advertisement
advertisement

Here’s why Google’s Supreme Court win over Oracle matters

A victory for Oracle in this decade-long legal battle may have made software development less open, less interoperable, and more proprietary.

Here’s why Google’s Supreme Court win over Oracle matters
[Photo: Alejandro Barba/Unsplash; Mizter_X94/Pixabay]
advertisement
advertisement

Google and Oracle have been jousting in court for a decade over the use of the Java programming language in Google’s Android operating system. Today the Supreme Court, in a 6-2 vote, ruled that Google’s use of Java code was classified as “fair use”—not “pure plagiarism,” as Oracle had argued.

advertisement
advertisement

The Java programming language was originally developed at Sun Microsystems (now Oracle) back in the 1990s. Developers found it to be an easy way to build functionality into websites, and it was later widely used in mobile apps. Google’s Android mobile operating system was built using thousands of lines (11,330, to be exact) of Java code.

Java was and is an open-source language, meaning that developers across the tech industry have contributed to its development and evolution. The main parts of the language were made available to developers via APIs (application programming interfaces) that could be used by anyone.

Oracle has argued that the core Java code delivered through the APIs was protected by copyright, and that it should be paid licensing fees by those who used it.

advertisement

In the end, the high court did not buy Oracle’s contention that the APIs were protectable under copyright. The majority decided that Google’s reliance on Java in Android falls under fair use in the copyright law.

The decision releases Google from paying billions in royalty fees and damages to Oracle. It may also preserve the openness and interoperability of today’s software development environment, attorney Stan Adams of the Center for Democracy & Technology explains:

“This decision is a huge win for developers and consumers because it allows reuse of the functional elements of APIs, like the way you can use the same commands for cut/copy/paste across different software applications, or the way universal remotes reuse the commands necessary to communicate with your television.”

That’s why software developers such as IBM, Microsoft, Mozilla, Etsy, and Reddit had filed legal briefs with the high court in support of Google.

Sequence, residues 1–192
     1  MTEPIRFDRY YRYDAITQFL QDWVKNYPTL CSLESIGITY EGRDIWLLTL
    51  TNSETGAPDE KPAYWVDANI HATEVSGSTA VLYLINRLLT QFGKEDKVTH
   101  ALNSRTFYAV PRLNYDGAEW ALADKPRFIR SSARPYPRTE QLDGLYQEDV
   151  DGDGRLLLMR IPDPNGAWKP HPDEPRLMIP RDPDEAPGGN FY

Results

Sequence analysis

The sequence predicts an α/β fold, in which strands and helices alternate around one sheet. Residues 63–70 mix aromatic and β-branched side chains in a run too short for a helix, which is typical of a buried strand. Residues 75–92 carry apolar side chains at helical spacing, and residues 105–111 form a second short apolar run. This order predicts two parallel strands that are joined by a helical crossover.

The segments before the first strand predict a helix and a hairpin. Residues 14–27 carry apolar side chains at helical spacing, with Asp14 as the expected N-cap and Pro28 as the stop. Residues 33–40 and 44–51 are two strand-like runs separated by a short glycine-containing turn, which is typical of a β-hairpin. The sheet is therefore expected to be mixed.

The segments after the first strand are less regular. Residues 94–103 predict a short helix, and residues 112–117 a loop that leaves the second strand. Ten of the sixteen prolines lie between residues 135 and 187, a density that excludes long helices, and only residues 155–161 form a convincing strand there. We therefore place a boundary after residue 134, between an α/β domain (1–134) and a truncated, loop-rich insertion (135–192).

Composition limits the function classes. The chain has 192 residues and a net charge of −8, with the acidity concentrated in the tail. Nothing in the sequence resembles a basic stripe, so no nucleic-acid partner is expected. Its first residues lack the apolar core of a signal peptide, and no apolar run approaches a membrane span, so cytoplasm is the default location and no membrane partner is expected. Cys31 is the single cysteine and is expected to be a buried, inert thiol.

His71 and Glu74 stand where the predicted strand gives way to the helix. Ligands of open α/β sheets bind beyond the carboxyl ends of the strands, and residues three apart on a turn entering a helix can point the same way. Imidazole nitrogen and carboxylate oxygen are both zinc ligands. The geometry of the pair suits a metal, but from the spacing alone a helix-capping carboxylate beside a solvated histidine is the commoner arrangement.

advertisement

On the other hand, some believe the court’s decision may have created a fair-use doctrine that will discourage the future development of programming languages.

“After failing in its attempt to obtain a license, Google simply stole 11,500 lines of Oracle’s Java computer code to start Android,” says Mike Davis, founder and president of the Internet Accountability Project. “Google claims this theft was ‘fair use’ under our nation’s copyright laws—essentially claiming it was for the greater good. Unfortunately, a majority of the Supreme Court bought Google’s argument.”

Indeed, Justice Clarence Thomas, writing for the minority, said: “Something is very wrong with our fair-use analysis.”

advertisement

Starting in 2012, Oracle and Google traded lower-court victories until Google lost in Appeals Court in 2018, at which time Google’s lawyers asked the Supreme Court to hear the case. The Supreme Court agreed, setting the stage for today’s decision—and the conclusion of Google v. Oracle.

Oracle didn’t take the decision very well. “The Google platform just got bigger and market power greater, the barriers to entry higher and the ability to compete lower,” said Oracle’s chief legal officer, Dorian Daley, in a statement. “They stole Java and spent a decade litigating as only a monopolist can.”

About the author

Fast Company Senior Writer Mark Sullivan covers emerging technology, politics, artificial intelligence, large tech companies, and misinformation. An award-winning San Francisco-based journalist, Sullivan's work has appeared in Wired, Al Jazeera, CNN, ABC News, CNET, and many others.

More